But great Cronos the wily took courage and answered his dear mother:  “Mother, I will undertake to do this deed, for I reverence not our father of evil name, for he first thought of doing shameful things.” So he said: and vast Earth rejoiced greatly in spirit, and set and hid him in an ambush, and put in his hands  a jagged sickle, and revealed to him the whole plot. And Heaven came, bringing on night and longing for love, and he lay about Earth spreading himself full upon her. Then the son from his ambush stretched forth his left hand and in his right took the great long sickle  with jagged teeth, and swiftly lopped off his own father's members and cast them away to fall behind him.
And not vainly did they fall from his hand; for all the bloody drops that gushed forth Earth received, and as the seasons moved round  she bore the strong Erinyes and the great Giants with gleaming armour, holding long spears in their hands and the Nymphs whom they call Meliae all over the boundless earth. And so soon as he had cut off the members with flint and cast them from the land into the surging sea,  they were swept away over the main a long time: and a white foam spread around them from the immortal flesh, and in it there grew a maiden. First she drew near holy Cythera, and from there, afterwards, she came to sea-girt Cyprus, and came forth an awful and lovely goddess, and grass  grew up about her beneath her shapely feet. Her gods and men call Aphrodite, and the foam-born goddess and rich-crowned Cytherea, because she grew amid the foam, and Cytherea because she reached Cythera, and Cyprogenes because she was born in billowy Cyprus,  and Philommedes because she sprang from the members. And with her went Eros, and comely Desire followed her at her birth at the first and as she went into the assembly of the gods. This honor she has from the beginning, and this is the portion allotted to her amongst men and undying gods,--  the whisperings of maidens and smiles and deceits with sweet delight and love and graciousness.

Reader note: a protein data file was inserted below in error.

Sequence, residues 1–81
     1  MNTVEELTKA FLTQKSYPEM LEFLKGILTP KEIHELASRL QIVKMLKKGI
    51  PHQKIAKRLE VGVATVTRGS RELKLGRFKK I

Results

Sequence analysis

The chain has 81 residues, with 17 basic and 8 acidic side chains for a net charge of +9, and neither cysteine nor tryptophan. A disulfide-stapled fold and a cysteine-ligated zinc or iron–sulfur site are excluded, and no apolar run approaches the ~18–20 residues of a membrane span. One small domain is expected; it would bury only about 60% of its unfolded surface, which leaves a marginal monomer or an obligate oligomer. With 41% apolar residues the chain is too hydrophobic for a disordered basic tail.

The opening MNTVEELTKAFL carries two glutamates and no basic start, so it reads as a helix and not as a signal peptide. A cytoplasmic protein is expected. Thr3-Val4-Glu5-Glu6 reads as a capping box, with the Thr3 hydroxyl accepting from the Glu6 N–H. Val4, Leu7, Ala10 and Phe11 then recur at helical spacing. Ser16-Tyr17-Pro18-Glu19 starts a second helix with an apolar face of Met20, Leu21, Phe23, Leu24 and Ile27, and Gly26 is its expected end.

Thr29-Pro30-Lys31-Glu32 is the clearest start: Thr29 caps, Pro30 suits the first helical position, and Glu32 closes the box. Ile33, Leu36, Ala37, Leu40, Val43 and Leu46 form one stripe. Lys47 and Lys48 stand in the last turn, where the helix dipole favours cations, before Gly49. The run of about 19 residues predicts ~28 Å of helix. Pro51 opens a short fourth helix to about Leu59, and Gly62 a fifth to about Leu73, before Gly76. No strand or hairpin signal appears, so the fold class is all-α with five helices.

But these sons whom he begot himself great Heaven used to call Titans (Strainers) in reproach, for he said that they strained and did presumptuously  a fearful deed, and that vengeance for it would come afterwards. And Night bore hateful Doom and black Fate and Death, and she bore Sleep and the tribe of Dreams.  And again the goddess murky Night, though she lay with none,  bare Blame and painful Woe,  and the Hesperides who guard the rich, golden apples and the trees bearing fruit beyond glorious Ocean. Also she bore the Destinies and ruthless avenging Fates, Clotho and Lachesis and Atropos, who give men at their birth both evil and good to have,  and they pursue the transgressions of men and of gods: and these goddesses never cease from their dread anger until they punish the sinner with a sore penalty. Also deadly Night bore Nemesis (Indignation) to afflict mortal men, and after her, Deceit and Friendship  and hateful Age and hard-hearted Strife. But abhorred Strife bore painful Toil and Forgetfulness and Famine and tearful Sorrows, Fightings also, Battles, Murders, Manslaughters, Quarrels, Lying Words, Disputes,  Lawlessness and Ruin, all of one nature, and Oath who most troubles men upon earth when anyone willfully swears a false oath.